This doesn't surprise me, though.
The majority of manufacturers fail to deliver software updates for old devices for years.
However, the consumer protection watchdog in The Netherlands, The Dutch Consumentenbond, filed a lawsuit against Samsung, due to the manufacturer's grip over the local market compared to other manufacturers.
Last year, the discovery of the scary Stagefright Security Bug, which affected over 1 Billion Android devices worldwide, forced Samsung to implement a security update process that "fast tracks the security patches over the air when security vulnerabilities are uncovered a security update process that "fast tracks the security patches over the air when security vulnerabilities are uncovered," and that the security updates will occur once per month.
However, the watchdog also blames Korean OEM Samsung for not being transparent regarding the critical security updates, like the update to fix Stagefright exploits, that are necessary to "protect [its] consumers from cyber criminals and the loss of their personal data."
Majority of Samsung Handsets Vulnerable to Issues
According to DCA's own research, at least 82 percent of Samsung smartphones available in the Dutch market examined had not received any software updates on the latest Android version in two years.
This failure in providing the software updates left the majority of Android devices vulnerable to issues on security and others.
The DCA says that the agency has previously contacted Samsung many times and discussed the matter privately with the manufacturer giant to resolve the situation, but it failed to reach an agreement with the company, and so it decided to go to court.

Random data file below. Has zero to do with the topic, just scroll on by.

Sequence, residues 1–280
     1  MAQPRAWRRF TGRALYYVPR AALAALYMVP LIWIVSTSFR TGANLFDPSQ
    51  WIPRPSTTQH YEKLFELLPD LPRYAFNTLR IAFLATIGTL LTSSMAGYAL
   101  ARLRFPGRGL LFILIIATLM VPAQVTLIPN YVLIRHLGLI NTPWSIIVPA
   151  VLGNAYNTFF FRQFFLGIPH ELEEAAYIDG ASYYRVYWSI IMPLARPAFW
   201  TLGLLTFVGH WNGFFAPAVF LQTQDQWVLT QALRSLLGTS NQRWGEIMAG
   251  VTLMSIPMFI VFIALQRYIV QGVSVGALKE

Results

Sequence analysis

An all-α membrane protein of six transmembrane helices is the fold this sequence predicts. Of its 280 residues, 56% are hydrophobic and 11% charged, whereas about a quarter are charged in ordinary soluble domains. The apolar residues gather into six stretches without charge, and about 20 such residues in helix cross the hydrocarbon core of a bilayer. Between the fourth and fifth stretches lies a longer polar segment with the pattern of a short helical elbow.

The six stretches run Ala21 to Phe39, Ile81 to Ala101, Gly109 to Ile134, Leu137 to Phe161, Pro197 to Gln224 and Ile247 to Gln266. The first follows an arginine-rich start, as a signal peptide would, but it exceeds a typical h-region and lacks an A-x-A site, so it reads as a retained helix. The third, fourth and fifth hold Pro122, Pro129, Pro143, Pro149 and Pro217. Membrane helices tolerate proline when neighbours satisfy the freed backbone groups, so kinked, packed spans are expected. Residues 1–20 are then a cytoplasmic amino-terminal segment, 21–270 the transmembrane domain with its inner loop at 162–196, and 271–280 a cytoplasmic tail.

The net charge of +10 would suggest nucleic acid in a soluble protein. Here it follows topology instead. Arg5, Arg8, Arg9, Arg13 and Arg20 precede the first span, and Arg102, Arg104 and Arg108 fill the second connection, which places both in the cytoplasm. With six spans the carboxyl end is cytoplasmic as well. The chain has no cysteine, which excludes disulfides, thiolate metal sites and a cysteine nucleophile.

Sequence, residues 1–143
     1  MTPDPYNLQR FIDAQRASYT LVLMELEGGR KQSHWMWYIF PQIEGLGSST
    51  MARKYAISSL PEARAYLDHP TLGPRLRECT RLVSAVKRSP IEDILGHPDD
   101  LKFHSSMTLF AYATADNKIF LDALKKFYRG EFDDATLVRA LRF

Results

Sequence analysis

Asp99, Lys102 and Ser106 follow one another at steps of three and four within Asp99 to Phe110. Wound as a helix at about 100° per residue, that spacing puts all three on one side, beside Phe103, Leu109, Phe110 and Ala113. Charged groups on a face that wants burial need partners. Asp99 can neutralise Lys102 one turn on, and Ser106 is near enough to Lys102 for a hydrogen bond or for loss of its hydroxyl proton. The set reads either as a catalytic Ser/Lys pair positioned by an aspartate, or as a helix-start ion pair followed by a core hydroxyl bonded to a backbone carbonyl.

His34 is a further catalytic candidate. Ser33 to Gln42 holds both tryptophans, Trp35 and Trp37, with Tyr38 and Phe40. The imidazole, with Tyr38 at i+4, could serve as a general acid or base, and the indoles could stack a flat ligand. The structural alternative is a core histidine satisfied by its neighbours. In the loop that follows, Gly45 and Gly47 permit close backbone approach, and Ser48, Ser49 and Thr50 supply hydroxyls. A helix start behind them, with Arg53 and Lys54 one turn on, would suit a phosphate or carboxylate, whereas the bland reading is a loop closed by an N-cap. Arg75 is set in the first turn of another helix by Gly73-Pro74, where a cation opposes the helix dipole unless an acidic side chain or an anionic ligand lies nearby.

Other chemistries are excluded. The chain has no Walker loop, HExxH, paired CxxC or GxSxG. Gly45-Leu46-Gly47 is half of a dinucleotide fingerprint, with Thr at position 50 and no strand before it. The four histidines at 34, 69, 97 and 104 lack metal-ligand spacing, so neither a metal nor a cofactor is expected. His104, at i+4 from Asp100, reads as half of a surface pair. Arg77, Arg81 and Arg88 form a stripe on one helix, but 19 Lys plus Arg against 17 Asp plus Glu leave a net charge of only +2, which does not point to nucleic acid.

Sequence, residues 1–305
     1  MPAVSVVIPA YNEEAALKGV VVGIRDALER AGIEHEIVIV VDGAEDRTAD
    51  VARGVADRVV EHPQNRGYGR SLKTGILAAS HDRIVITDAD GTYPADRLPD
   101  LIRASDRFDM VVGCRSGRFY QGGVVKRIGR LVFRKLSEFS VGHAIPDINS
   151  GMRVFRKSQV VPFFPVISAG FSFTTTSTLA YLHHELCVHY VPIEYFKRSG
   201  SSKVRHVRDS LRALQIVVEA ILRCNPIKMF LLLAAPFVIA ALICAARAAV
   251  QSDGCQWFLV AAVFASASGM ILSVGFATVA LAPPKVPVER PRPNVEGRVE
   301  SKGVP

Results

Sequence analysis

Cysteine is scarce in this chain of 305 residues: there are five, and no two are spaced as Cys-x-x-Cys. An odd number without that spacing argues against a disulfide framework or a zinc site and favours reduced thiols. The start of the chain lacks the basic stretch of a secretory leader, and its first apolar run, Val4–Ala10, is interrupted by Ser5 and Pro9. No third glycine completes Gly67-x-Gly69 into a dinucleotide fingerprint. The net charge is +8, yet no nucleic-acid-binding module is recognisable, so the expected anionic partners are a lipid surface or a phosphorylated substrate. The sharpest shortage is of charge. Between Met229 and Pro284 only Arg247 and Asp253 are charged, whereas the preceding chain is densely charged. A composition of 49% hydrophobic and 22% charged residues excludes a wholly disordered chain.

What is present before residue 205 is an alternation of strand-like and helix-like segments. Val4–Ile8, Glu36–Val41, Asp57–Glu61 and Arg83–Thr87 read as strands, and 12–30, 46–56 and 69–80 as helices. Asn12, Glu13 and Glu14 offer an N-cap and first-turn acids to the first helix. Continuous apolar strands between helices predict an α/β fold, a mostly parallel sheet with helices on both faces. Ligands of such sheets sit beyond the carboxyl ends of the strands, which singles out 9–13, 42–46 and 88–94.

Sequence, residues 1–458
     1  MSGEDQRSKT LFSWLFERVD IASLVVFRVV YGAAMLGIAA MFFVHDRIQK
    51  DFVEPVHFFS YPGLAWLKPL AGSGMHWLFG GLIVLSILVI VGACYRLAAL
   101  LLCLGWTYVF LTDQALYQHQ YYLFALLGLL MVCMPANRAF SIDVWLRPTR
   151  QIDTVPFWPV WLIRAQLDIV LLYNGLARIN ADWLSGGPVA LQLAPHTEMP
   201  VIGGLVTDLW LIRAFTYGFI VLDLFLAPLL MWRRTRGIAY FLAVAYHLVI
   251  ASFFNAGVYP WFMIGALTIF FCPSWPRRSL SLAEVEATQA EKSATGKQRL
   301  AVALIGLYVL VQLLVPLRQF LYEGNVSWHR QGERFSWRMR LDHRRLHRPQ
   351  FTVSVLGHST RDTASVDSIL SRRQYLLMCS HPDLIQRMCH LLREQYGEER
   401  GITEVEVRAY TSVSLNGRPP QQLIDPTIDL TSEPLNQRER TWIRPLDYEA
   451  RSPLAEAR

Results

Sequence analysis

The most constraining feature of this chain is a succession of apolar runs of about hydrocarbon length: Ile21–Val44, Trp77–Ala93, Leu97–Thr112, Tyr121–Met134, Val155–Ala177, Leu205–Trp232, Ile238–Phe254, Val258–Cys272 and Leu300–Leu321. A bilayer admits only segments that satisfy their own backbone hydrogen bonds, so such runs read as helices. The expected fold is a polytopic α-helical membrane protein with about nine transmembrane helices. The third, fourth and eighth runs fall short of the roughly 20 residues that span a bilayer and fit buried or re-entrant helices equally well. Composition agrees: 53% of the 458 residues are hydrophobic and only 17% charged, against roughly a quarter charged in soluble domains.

At this point, I should mention that these are entirely valid claims.
Like most other manufacturers, Samsung doesn't provide timely software updates to its devices.
No doubt, the Samsung Galaxy S6 series have received Stagefright patches on time, but the manufacturer failed to provide Stagefright fixes for its majority of midrange and entry-level Android devices.
Furthermore, none of Samsung's devices currently runs the latest Android 6.0 Marshmallow, three months after it officially launched.
DCA's Demands from Samsung
The agency has requested the manufacturer to update all of its smartphone devices to the latest version of Android operating system for two years since the handset is purchased (not launched).
In some ways, the agency wants Samsung to treat software updates as part of the warranty that has its length mandated at two years in the European Union.
"[We are] demanding that Samsung provides its customers with clear and unambiguous information about this," The DCA writes. "Also, [we are] demanding that Samsung actually provides its smartphones with updates."
Response by Samsung
In response to the lawsuit, Samsung released an official statement saying the company was working on improving its updates on software and security.
"We have made a number of commitments in recent months to better inform consumers about the status of security issues, and the measures we are taking to address those issues," reads the statement.
"Data security is a top priority and we work hard every day to ensure that the devices we sell and the information contained on those devices are is safeguarded."
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